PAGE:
Publish? Forget it?

I am teetering on the brink of biting the bullet and putting my novel up on Smashwords and Amazon. But true to form, instead of doing the hard yakka involved in pushing myself over the brink – reading the volumes of advice and information available on the net, or even downloading and printing the volumes of advice and information, so that I can kick back in my recliner and read them in comfort – instead of doing any of that, I’m raving on here instead.

First up, it’s probably a sign of my ambivalence. If agents don’t want it (which they don’t), shouldn’t I just assume it’s not worth reading, and consign it to the bottom drawer? Is this just a case of vanity and self-indulgence trumping commonsense? I wrote it on the strict understanding (with myself) that was NFP. So what am I thinking?

Secondly, it’s quite possible (likely?) that the whole process is beyond my technical ignorance, and it will end up looking like a dog’s breakfast. What’s more the cover will cost me money I don’t have, (if indeed I can find a designer who’ll do what I have in mind), and the business of extricating myself from the American tax system is potentially a can of worms.

But worst of all, if I put it out there, I’ll have to sashay on out after it, the very thought of which is so hideous it sends me scuttling for the mole hole whimpering with fear. But there’s not much point in doing one without the other: at the very least, I’d need to recoup the cost of the cover. I do have a Facebook page (on which I haven’t posted for months), but tweeting is a mystery I have minus desire to fathom, and telling everyone how brilliant the book is would be a downright lie, thus violating the first golden rule of my upbringing. It isn’t brilliant. It’s fluff. Reasonably well written fluff, I hope, and reasonably entertaining on a wet Sunday, but spectacularly lacking in the profundity and spiritual insight needed for the Great Australian Novel. (Which I didn’t set out to write and never will, but that’s beside the point.)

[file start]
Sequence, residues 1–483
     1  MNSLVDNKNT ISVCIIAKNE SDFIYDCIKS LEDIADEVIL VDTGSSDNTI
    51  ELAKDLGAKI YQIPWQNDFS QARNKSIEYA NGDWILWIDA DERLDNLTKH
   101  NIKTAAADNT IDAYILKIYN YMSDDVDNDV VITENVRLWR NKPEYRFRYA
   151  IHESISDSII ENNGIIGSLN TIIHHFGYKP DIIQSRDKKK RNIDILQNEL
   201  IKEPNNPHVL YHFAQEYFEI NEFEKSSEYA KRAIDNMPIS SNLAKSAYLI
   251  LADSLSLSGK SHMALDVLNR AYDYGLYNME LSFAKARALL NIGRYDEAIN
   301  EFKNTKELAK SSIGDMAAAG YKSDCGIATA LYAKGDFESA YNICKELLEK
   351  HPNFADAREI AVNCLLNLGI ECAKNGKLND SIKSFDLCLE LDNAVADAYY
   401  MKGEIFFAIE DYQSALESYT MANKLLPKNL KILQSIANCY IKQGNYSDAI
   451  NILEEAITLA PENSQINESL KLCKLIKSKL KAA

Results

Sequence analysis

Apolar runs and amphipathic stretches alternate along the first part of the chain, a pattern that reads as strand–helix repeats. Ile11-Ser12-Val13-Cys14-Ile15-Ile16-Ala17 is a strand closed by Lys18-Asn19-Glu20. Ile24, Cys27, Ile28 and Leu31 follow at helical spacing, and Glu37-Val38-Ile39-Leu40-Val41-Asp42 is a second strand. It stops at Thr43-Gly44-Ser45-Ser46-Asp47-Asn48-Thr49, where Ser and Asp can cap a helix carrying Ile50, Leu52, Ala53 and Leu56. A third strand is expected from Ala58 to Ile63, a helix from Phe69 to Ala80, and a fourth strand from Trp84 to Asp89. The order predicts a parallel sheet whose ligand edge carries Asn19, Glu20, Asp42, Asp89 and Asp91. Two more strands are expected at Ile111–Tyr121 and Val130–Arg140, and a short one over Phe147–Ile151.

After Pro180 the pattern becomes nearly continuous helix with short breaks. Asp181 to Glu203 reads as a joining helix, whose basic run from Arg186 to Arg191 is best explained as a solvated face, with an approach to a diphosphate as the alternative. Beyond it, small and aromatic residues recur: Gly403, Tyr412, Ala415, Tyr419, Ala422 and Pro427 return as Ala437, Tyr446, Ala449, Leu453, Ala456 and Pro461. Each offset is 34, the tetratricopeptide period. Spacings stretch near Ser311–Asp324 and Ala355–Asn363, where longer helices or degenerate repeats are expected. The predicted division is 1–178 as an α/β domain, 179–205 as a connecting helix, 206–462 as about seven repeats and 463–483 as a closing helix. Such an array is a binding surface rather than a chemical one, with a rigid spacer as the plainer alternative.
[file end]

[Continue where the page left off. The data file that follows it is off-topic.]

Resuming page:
So having now pretty much managed to convince myself that the whole idea is stupid, I shall go and read someone else’s book (far better for my blood pressure) and think again tomorrow. Maybe.

This entry was posted in Uncategorized and tagged , , . Bookmark the permalink.

17 Responses to Publish? Forget it?

  1. bkpyett says:

    Helen, I do hope you are able to hurdle the difficulties and get your novel published.I would love to read it, as I do admire the way you express yourself.Shall be very interested to hear how you go.

  2. I say, if you can navigate the technical hurdles, publish it. Promote it until you recoup your expenses and then call it a day. You needn’t get all gushy and mushy and tell “fibs”. Let us buy it and read it and we’ll promote it for you!

  3. ChristineR says: